The Life Cycle of Fleas

Pet owners are usually no stranger to the problem of fleas. Fleas do not discriminate, after all, feeding off dogs and cats, ferrets and rabbits, and, of course, humans, when the need arises. While many people have encountered the nasty little parasites, they know little about them. However, although they are an inconvenience, fleas are actually fascinating creatures.

1.A flea’s life cycle is broken down into four sections: egg, larva, pupa, and full-grown. Adults lay eggs on the host, that then fall off into the environment. When the eggs hatch into larvae, these then lurk in the surroundings, eat, and after several moulting episodes, they spin cocoons and turn into pupae. Finally, a chrysalis emerges adult fleas, which then look for an animal host to feed from.  In optimal conditions, this process will take around three weeks.

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  1. Although the process sounds straightforward, the flea life cycle is very hard to break and end. Fleas are incredibly tough creatures. Most treatments available will kill adult fleas, however it’s much harder to get rid of the eggs and particularly pupa. Some products have a compound that stops the eggs from hatching, but does not kill the pupa. This means that even if you remove all the adult fleas in an area, the next generation may just be waiting to take over.
  2. During a flea infestation, putting flea treatment on your pet is not effective. It’s essential to treat the surroundings too as that is where the eggs and the pupae are lurking. They will be in the carpet, between the floorboards and everywhere our pets spend time.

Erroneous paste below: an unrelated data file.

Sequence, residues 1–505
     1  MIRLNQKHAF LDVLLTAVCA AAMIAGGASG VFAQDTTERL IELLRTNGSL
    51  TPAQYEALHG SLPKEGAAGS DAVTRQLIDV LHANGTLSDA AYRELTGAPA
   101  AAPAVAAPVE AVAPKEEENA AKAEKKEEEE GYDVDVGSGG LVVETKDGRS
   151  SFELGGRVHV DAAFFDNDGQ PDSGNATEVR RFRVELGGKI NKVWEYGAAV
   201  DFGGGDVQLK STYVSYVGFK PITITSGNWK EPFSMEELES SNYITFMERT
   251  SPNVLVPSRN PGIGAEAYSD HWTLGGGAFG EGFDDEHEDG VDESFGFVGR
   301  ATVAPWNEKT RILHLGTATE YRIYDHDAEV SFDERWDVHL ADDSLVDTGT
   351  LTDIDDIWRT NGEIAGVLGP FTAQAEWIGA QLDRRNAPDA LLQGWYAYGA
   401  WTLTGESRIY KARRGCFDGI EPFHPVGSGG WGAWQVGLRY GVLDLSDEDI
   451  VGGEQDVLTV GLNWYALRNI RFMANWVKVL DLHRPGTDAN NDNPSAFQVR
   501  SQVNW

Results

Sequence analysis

3. Fleas can go a long time without eating. Research shows that the pupa can live in their cocoons for up to one year. As adults, they need to feed straight away but can, if they have to, go for between one to two weeks without a blood feed. To help with an infestation, contact Pest Control Essex at a site like
  4. A female is able to lay as many as fifty eggs each day but usually lays around 20. The result is that one active female can be responsible for a huge infestation in under two months. In just 2 months, you could be dealing with a flea population of 20,000 fleas in your home!

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  1. Fleas have the ability to jump to an Olympic standard. It is generally acknowledged that fleas are some of the best jumpers in the world, capable of jumping more than 150 times their body length. This ability is a necessity for the flea life cycle as if they cannot jump onto the animals, they will not be able to eat or reproduce.
  2. Pets can sometimes develop an allergy to flea bites. Most will experience a slight itching similar to the feeling of bugs on your body. Worse symptoms include more intense itching, which happens when animals develop allergies to the flea saliva proteins in the bites.
  3. Fleas can transmit diseases that affect humans. They are carriers of all kinds of bacteria, including bacteria that can cause disease in humans.